Pensioner had Covid for 613 days, setting the record for longest infection before death – Daily Star

Pensioner had Covid for 613 days, setting the record for longest infection before death – Daily Star

According to scientists, the virus mutated about 50 times during a certain period. They caution that individuals with weakened immune systems are ideal hosts for deadly new strains of the disease. It is noted that while there have been several cases of patients carrying the virus for extended periods, a 72-year-old man is believed to have had the longest-lasting infection.

Healthy patients usually clear the virus within days to weeks, but those with compromised immunity can develop persistent infections due to prolonged viral replication and evolution. They speculate that the Omicron variant originated in an immunocompromised individual, emphasizing the need for vigilant monitoring of such patients. These findings will be presented at the European Society of Clinical Microbiology and Infectious Diseases (ESCMID) global conference in Barcelona next week.

The patient had undergone stem cell transplantation treatment, rendering him immunocompromised. His condition was further complicated by the development of post-transplant lymphoma, for which he was receiving a targeted cancer medication that depletes all available B-cells, including those responsible for producing Covid antibodies. Despite receiving multiple Covid vaccinations, the elderly man showed no measurable antibody response upon hospital admission.

Although given additional treatments, including anti-SARS-CoV-2 directed antibodies and anti-inflammatory medication, he showed no clinical response. This prolonged infection led to the emergence of a new, immune-evading variant of the virus due to its extensive evolution within a host. Tragically, the elderly man eventually succumbed to a relapse of his blood condition.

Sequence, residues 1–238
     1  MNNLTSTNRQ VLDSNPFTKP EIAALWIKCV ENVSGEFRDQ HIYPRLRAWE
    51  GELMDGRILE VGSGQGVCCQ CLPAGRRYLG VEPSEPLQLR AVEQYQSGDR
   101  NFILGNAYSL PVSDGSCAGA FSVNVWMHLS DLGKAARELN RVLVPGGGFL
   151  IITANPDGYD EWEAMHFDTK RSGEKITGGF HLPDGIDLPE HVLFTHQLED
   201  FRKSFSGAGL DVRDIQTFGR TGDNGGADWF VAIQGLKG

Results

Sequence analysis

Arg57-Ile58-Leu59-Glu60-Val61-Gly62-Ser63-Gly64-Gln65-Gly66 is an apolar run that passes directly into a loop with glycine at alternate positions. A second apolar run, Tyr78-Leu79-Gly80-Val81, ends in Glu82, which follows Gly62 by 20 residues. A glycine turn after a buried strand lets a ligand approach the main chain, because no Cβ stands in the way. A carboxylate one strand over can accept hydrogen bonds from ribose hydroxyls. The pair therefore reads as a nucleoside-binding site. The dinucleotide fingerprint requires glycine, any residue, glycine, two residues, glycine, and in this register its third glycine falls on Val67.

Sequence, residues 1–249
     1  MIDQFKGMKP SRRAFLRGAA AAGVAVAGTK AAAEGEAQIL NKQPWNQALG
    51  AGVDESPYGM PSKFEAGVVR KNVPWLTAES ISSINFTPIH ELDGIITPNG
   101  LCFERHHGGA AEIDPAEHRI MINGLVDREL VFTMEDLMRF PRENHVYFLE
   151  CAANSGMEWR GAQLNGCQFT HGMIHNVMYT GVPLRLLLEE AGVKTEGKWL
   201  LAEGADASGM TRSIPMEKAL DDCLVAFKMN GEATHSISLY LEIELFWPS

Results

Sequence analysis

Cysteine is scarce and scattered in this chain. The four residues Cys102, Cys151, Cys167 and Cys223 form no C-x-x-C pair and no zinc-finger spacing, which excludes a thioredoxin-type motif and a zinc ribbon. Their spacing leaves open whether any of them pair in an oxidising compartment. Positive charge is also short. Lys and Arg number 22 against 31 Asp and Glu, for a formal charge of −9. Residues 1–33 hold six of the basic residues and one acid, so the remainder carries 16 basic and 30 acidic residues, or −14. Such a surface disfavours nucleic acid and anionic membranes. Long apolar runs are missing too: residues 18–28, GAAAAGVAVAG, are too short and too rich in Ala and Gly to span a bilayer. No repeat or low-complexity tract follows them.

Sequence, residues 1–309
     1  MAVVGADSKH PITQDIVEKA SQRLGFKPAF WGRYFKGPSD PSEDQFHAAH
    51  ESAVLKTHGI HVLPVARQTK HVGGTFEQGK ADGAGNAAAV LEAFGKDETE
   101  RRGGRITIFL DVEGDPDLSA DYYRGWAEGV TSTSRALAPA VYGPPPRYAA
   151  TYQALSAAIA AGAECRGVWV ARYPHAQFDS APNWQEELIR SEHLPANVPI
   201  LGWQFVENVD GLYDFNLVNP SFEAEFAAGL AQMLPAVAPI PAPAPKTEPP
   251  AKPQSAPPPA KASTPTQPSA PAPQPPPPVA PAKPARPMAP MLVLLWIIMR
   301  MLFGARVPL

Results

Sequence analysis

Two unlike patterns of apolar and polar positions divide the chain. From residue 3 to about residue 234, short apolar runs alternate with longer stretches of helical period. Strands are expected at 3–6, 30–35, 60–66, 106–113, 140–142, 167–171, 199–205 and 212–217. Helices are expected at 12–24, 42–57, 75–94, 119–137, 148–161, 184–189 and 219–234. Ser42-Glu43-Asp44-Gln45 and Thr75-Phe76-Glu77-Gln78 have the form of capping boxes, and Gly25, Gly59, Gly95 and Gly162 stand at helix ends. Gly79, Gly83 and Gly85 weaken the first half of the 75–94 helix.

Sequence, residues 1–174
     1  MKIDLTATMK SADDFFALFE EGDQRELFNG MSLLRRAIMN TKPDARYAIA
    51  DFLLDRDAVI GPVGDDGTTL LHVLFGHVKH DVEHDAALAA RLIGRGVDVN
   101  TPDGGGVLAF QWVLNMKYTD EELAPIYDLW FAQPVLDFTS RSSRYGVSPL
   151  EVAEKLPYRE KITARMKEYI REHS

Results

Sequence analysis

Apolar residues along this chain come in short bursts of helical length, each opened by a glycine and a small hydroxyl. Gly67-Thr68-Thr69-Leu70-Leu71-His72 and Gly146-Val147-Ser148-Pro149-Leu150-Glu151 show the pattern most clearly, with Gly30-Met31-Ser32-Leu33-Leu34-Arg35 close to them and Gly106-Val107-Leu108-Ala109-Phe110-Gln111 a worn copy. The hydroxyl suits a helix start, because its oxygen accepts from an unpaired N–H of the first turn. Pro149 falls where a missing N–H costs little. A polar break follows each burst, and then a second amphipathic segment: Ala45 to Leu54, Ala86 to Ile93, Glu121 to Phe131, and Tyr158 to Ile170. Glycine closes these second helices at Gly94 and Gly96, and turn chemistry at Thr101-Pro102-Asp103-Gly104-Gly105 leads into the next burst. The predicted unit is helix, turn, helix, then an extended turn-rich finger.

Over his one year and eight months with the virus, the man’s infection led to prolonged isolation and the use of protective gear, greatly reducing his quality of life in his final days. Dr. Magda Vergouwe, lead author of the study, underlined the importance of tracking infections in vulnerable patients, warning of the potential public health threat of developing resistant mutations. She also stressed the need for a balance between tracking dangerous new variants and providing humane, supportive care to severely ill patients.

Possible solutions suggested by the researchers include increased awareness of potential risks, early accessible testing of known contacts of the patients, and genomic surveillance of the virus to assess the public health threat in collaboration with public health professionals. Dr. Vergouwe added that though there’s an increased risk of developing novel variants in immunocompromised patients, not every variant that develops will be of public concern. Factors in the population surrounding the patient, including the prevalence of B- and T-cell-related immunity, also influence the development of a variant of concern.

Dr. Vergouwe mentioned that prolonged infections in immunocompromised patients are much more common compared to the general community. The team’s further work includes describing a cohort of prolonged infections in immunocompromised patients from their hospital, with infection durations varying between one month and two years.


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